The USPTO Director granted a request to extend a missed deadline for an appeal of an IPR decision to the Federal Circuit due to the patent owner’s excusable neglect in Mitsubishi Cable Industr., Ltd. v. Goto Denshi Co., Ltd., IPR2015-01108, Paper 28 (P.T.A.B. May 4, 2017).
On January 10, 2017, the PTAB denied Goto’s request for rehearing of its Final Written Decision. Thereafter, Goto had 63 days to file a notice of appeal to the Federal Circuit. But Goto filed its notice of appeal, along with a request for extension of time, seven days after the deadline had expired.
In general, the Federal Circuit possesses jurisdiction over an appeal from the USPTO once a party files a timely notice of appeal, after which the USPTO lacks jurisdiction except to perform purely ministerial tasks. In previous decisions, the Director concluded that the USPTO’s jurisdiction did not extend to ruling on a party’s request to extend time when the request was filed after a notice of appeal. Here, the Director reconsidered the USPTO’s prior conclusions and relevant precedent. The Director determined that the USPTO could decide Goto’s request for additional time because no binding precedent held that an untimely notice of appeal divests the USPTO of jurisdiction.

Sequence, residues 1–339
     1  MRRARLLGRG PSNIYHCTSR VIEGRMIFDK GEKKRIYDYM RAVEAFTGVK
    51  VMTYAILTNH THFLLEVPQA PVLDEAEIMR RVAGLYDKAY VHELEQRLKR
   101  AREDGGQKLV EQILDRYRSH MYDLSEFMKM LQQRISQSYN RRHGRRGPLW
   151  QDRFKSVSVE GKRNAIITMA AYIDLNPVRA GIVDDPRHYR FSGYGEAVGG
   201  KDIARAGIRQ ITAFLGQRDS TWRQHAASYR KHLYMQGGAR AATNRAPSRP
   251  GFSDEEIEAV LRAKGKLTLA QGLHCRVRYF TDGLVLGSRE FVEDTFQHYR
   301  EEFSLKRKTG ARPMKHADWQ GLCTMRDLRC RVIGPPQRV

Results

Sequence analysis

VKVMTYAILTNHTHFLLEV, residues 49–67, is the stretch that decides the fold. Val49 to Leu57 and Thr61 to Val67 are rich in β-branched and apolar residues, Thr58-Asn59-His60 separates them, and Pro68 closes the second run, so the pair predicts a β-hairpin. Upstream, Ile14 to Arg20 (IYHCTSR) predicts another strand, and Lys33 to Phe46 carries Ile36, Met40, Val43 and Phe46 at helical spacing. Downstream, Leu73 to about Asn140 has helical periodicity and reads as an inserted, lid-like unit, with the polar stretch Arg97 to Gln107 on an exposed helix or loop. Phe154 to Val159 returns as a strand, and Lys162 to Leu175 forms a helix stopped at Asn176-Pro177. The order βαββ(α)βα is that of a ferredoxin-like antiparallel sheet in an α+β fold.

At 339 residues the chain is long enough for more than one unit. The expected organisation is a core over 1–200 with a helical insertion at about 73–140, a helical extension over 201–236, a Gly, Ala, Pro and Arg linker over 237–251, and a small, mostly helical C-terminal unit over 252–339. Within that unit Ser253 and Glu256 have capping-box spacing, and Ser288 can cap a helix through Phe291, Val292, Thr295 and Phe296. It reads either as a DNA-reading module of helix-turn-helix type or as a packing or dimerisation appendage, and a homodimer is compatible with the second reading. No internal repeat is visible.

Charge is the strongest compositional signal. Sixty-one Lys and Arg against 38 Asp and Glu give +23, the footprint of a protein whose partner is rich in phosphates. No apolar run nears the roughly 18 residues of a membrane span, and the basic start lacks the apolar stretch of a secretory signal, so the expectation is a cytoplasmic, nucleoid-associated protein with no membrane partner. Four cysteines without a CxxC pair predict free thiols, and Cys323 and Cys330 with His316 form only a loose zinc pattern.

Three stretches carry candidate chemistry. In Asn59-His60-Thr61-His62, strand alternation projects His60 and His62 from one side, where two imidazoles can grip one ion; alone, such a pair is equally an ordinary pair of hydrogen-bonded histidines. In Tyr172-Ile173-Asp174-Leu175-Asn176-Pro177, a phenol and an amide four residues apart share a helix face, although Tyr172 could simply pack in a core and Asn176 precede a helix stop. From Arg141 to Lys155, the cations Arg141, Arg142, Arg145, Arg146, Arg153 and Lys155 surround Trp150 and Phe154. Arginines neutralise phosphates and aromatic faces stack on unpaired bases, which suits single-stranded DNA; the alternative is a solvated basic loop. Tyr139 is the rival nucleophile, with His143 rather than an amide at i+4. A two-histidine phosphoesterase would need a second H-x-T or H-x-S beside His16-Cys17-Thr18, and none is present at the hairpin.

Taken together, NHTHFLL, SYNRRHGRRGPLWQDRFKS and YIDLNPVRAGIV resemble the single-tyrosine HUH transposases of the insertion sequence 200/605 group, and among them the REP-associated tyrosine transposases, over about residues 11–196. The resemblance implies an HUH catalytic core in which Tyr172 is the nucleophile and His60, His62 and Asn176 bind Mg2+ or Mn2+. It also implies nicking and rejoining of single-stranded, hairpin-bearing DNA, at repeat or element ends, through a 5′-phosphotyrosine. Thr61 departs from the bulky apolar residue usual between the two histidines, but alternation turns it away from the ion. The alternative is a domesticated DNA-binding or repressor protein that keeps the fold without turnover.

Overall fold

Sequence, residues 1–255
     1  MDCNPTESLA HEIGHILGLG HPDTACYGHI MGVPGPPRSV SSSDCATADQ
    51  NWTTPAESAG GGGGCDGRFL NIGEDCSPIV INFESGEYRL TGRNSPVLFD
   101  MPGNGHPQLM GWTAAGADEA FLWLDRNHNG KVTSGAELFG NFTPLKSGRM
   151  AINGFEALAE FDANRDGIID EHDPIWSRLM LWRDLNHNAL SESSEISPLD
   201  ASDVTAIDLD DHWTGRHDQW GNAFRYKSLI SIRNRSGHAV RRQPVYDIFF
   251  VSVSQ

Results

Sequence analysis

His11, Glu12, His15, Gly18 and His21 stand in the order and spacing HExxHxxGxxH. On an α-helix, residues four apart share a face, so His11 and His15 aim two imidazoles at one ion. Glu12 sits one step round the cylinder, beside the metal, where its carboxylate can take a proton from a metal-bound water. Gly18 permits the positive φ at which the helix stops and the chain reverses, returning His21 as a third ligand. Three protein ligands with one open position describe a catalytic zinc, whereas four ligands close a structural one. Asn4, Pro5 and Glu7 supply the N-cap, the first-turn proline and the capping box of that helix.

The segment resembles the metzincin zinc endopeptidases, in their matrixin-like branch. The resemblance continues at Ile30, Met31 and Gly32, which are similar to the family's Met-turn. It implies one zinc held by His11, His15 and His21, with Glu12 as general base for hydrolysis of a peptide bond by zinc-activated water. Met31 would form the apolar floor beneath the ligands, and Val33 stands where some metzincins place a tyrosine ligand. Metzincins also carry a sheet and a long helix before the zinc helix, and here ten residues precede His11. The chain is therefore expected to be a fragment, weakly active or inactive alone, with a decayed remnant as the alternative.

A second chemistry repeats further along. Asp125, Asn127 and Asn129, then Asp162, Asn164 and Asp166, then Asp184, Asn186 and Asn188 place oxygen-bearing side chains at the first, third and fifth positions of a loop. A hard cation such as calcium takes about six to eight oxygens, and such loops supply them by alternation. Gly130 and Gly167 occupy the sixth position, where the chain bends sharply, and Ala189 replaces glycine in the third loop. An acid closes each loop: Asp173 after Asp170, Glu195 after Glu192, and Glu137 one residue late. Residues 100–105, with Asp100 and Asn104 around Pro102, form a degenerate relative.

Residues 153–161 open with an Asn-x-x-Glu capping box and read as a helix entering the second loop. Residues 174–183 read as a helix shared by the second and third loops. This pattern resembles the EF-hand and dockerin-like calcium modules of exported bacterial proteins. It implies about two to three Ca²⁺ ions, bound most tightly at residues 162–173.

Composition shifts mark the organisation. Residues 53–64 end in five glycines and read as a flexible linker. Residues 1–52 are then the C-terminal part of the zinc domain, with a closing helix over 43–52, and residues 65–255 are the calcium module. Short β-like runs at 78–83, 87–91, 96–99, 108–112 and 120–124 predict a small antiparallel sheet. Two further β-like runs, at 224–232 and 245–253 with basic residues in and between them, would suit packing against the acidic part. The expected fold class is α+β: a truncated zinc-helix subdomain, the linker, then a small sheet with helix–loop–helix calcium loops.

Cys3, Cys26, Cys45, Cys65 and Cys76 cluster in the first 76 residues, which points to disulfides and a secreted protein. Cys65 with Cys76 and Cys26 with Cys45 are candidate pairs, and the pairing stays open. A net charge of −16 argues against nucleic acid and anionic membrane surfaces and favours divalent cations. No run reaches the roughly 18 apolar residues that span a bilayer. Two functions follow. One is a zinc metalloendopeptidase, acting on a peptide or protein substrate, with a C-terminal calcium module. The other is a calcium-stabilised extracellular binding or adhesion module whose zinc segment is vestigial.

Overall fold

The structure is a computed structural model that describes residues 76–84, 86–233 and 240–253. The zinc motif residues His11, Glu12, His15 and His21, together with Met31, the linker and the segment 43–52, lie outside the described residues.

Turning to the merits of Goto’s request, the Director determined that, by rule, she may extend a missed deadline for a notice of appeal if the deadline was missed due to “excusable neglect.” Excusable neglect is determined by taking account of all relevant circumstances, including (1) the danger of prejudice to another party, (2) the length of the delay and its potential impact on judicial proceedings, (3) the reason for the delay, including whether it was within the reasonable control of the movant, and (4) whether the movant acted in good faith. The third factor is the most important factor, but it does not control the overall determination.
With respect to the third factor, the Director found that Goto’s Japanese counsel did not communicate Goto’s decision to appeal to Goto’s American counsel because he believed that American counsel would file the appeal unless instructed otherwise. Goto’s American counsel believed the opposite—that they should not file an appeal unless affirmatively instructed to do so. Under the fourth factor, Goto’s Japanese counsel acted in good faith by reporting to the district court that it would appeal prior to the deadline and then acted quickly to remedy the missed deadline. The Director determined that the circumstances as a whole presented a “close question” that favored finding Goto had acted with excusable neglect. Therefore, the Director granted Goto’s request to extend the appeal deadline.